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by Wal Bowles


The Lockheed Hudson was a particularly useful aircraft for survey flying. We used it for oil survey work at 1,000 feet above ground level but mainly at 25,000 feet on photographic flying. When weather conditions were suitable, flights of 5 hours 45 minutes duration were normal, which allowed 45 minutes mandatory fuel reserve. Because of light conditions and shadows from surface objects, the aim was to turn the camera on not before about 0930 or 1000 hours, which meant we would usually return to our base aerodrome about mid afternoon.

Early in June 1961, flying photographic survey in Lockheed Hudson VH-AGX at 25,000 feet out of Cairns, North Queensland, we had some “clean up” runs to do and our navigator on this occasion was Mike Wood. It was my normal procedure to take a basket of food and coffee to allow us a little sustenance about mid afternoon, when we would normally have completed our day’s photography and would be on descent. Around 12,000 feet on the drop was when the heads of the navigator and camera operator would normally appear from the front compartment and they would grab the basket as they went past the pilot’s position to the cabin area. (I admit to a feeling of discomfort to see these two half frozen human beings come up from the cold nose compartment while I was comfortably warm in my short sleeved shirt and shorts - I guess the Hudson’s warm air direction was designed by a pilot!) On this occasion we had flown 7 separate lines and had a 20 minute transit to the next area. Suddenly Mike’s head appeared from the nose compartment. We were at 25,000 feet. He had no oxygen mask; he grabbed the basket and disappeared down into the nose compartment again in a matter of seconds. A few seconds later I thought we had a real problem – there appeared to be smoke issuing from the instrument panel. This was followed immediately by a few muffled noises from Mike over the intercom - “She’s right mate, I’ll have it sorted out in a minute.” It happened that Mike had felt the need of coffee but, as soon as he placed a finger on the top of the thermos, it’s contents suddenly issued from the flask. Of the five cups of coffee in the flask, four and a half cupfuls spread themselves around the nose compartment and much of it stuck to Mike’s perspex navigation panels. He managed to scrape enough frozen coffee off the internal perspex surfaces to be able to navigate, with difficulty, for the remainder of the flight. But this wasn’t the end of the story. Taxying in after landing at Cairns, a walk around showed that the coffee had streaked down over the camera draught excluder and lens. We were all a little shattered, especially because Mike had been especially confident that the photography had been spot on, only to be spoiled, apparently, by coffee streaks. Each evening after photography, we would usually go to a dark room (often a bathroom in an hotel) and would develop a couple of surplus shots taken at the end of photography just to make sure the camera seemed to be functioning satisfactorily. The purpose of this was that, if a problem showed itself, we could re-fly the same area again the next day if the weather continued to be suitable. On this occasion we had already decided to re-fly the runs, at least those that would have been affected by coffee streaks. It happened that the test shots developed in the hotel looked entirely normal – no sign of coffee streaks!! Jack Tierney, a navigator with another crew and with expert photographic knowledge, confirmed that nothing appeared abnormal with the test strip. We decided then not to re-fly, at least not until after the photography had been assessed at the Sydney office. “The Angry Ant” at Sydney was meticulous in his standards of acceptable photography and, in confirmation of what we believe happened, he gave the photography the thumbs up! It seems that, as soon as the coffee hit the internal walls of the cold nose compartment at altitude, it froze immediately and did not run down over the camera lens until after our photography was completed. The frozen coffee had melted after we encountered warmer air on descent. Even now, indulging in an iced coffee at our local coffee shop reminds me of this event.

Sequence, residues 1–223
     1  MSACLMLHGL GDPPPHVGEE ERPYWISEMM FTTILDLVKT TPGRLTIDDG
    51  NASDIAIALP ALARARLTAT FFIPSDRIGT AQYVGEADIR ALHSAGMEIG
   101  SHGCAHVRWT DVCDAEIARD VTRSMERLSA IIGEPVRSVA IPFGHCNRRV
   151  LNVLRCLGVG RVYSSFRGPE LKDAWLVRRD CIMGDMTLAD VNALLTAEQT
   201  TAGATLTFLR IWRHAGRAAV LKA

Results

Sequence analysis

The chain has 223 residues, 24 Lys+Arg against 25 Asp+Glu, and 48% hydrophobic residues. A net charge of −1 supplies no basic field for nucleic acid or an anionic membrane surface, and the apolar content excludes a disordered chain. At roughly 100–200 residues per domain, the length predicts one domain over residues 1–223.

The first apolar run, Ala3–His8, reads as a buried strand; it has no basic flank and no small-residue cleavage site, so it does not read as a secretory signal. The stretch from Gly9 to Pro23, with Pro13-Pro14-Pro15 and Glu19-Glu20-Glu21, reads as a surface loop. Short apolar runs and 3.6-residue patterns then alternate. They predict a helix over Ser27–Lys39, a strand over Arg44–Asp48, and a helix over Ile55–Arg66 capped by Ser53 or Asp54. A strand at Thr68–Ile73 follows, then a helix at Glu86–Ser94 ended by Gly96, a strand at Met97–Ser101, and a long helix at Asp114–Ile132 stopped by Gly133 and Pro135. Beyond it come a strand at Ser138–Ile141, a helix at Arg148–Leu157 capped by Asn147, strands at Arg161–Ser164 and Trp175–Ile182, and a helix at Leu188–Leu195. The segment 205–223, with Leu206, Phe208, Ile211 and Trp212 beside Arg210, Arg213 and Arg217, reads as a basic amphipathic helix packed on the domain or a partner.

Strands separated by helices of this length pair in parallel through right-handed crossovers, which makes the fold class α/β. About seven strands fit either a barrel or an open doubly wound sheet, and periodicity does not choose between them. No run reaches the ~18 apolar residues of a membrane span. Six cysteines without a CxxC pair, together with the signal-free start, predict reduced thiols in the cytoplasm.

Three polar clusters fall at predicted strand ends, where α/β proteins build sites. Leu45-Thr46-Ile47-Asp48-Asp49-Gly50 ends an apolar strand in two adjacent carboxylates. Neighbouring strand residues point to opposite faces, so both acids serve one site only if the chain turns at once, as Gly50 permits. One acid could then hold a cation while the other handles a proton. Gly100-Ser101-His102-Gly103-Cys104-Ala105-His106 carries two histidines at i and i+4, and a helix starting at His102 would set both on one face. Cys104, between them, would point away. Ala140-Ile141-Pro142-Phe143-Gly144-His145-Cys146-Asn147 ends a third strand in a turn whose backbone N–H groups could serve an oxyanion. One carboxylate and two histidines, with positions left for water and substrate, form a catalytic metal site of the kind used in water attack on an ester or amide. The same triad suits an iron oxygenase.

Wal Bowles
11th February 2003



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